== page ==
Hudson’s Bay Company cost cutting went a bit too deep, it acknowledged, and cost the company in a third quarter when losses increased.
In the quarter, ended October 28, net loss was $243 million, or $1.33 per share, compared to a net loss of $125 million, or 69 cents per share, in the prior-year period. Dollar amounts are in Canadian currency unless otherwise indicated. In terms of U.S. dollars, net loss was $190 million, or $1.04 per share, compared to $98 million, or 54 cents per share, in the previous-year period.
The higher net loss primarily resulted from lower gross margin dollars combined with higher finance costs, higher depreciation and amortization expenses, and a lower income tax benefit. Adjusted net loss was $203 million versus $102 million in the year-earlier period.
Consolidated comparable sales declined 3.2% on a constant currency basis in the quarter versus the year-before period and 5.1% as reported. On a constant currency basis, comparable sales at Saks Fifth Avenue grew for the second consecutive quarter from the 2016 period, up 0.2%, while comps at the department store group, including Hudson’s Bay stores, Lord & Taylor and Home Outfitters, declined 3.7%. Comps at HBC Europe declined 3% and those at the off price division declined 7.6% in the quarter year over year. Lower traffic across HBC’s banners, higher promotional activity, operational challenges and the effects of the hurricanes in Texas, Florida and Puerto Rico hurt comps in the third quarter.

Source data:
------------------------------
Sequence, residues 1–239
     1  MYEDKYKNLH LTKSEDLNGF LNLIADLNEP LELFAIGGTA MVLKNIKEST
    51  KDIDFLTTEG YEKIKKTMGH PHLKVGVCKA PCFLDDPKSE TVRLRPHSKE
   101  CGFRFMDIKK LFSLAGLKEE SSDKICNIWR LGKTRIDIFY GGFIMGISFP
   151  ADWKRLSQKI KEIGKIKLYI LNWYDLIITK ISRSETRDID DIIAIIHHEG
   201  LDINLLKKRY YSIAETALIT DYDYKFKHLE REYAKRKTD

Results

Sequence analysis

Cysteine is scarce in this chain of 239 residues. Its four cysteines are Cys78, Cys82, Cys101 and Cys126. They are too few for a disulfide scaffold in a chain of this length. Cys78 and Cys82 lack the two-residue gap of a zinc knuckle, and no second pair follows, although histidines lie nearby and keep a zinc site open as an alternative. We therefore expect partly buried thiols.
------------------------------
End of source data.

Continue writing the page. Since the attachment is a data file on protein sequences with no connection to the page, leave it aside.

On a constant currency basis, digital sales advanced 2.1%, or 9% when excluding Gilt results, as the company works to transition Gilt into a more intent-based shopping destination. In related online initiatives, HBC said it had progressed on plans to create a Lord & Taylor flagship on Walmart.com, to complete a second new automated distribution center and to introduce of Saks Off 5th inventory on Gilt.
HBC posted retail sales of $3.16 billion, or U.S. $2.47 billion, for the quarter, down 4.2%, primarily due to lower comps, negative foreign exchange effects and location closures, partially offset by new store openings.
“While Saks Fifth Avenue and Hudson’s Bay are performing well, our overall third quarter results did not meet our expectations,” said Ed Record, HBC’s CFO. “The workforce reductions made as part of our transformation plan caused some operational challenges, particularly in our digital business, which we are working to address. We know we can do better, and our highest priorities include increasing comparable sales, improving margins, and prioritizing our capital investments as we focus on further developing our digital business. Our emphasis on digital continues to grow, and we are re-allocating resources to improve our digital platforms and online capabilities. We also plan on reducing total inventory as part of an effort to moderate promotional activity and increase full-price selling. Our transformation plan remains on track to generate annual savings of $350 million, and we continue to look at other ways to become more efficient. These savings, combined with our planned reductions in inventory and capital investments are expected to significantly improve cash flow in 2018.”